concept knowledge + STEM expertise

How does the information we receive from our senses form lasting conceptual representations in the brain? How do these representations form a foundation on which we build new abstract concepts?

Humans possess a unique ability to construct new knowledge not only through our own perceptions and actions, but also by learning about the knowledge and experiences of others through communication. Central questions in STEM education focus on how such abstract knowledge is best acquired and retained, such as learning about non-observable forces in physics and mechanical engineering, or underlying processes in geoscience.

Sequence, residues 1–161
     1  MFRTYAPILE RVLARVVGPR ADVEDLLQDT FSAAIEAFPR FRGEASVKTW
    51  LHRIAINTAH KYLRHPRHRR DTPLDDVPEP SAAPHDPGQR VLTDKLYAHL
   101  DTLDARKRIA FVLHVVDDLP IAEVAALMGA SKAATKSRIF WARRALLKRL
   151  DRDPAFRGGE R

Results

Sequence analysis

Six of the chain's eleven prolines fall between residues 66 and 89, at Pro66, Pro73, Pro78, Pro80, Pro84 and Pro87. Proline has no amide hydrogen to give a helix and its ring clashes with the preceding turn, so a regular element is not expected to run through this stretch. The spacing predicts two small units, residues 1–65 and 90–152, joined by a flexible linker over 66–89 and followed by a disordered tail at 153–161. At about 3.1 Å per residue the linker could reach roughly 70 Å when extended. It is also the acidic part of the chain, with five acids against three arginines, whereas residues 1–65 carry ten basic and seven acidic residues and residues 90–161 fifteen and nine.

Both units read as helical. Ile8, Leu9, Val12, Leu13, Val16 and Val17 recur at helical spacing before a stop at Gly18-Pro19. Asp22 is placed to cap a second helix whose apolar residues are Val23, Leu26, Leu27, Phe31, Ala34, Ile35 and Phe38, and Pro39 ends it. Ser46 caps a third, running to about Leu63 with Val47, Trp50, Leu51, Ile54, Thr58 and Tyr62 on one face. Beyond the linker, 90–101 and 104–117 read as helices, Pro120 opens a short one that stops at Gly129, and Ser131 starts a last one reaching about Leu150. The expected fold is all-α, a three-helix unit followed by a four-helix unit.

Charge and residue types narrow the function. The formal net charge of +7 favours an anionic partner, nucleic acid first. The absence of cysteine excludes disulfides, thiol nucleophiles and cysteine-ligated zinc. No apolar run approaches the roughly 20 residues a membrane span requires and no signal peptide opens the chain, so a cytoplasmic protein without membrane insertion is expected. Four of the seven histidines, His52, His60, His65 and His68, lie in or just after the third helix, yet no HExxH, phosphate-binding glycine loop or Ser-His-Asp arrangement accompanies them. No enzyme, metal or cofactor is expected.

In our research, we develop new tasks that probe abstract knowledge relating to these central STEM concepts, and we use neural modeling to reveal patterns of brain activity that correspond to increased levels of conceptual understanding and mastery. By improving our neural measures of concept knowledge, we can learn more about how the brain supports this type of abstract information, and we can compare different instructional approaches to determine which methods lead to the greatest learning outcomes on both behavioral and neural levels of analysis.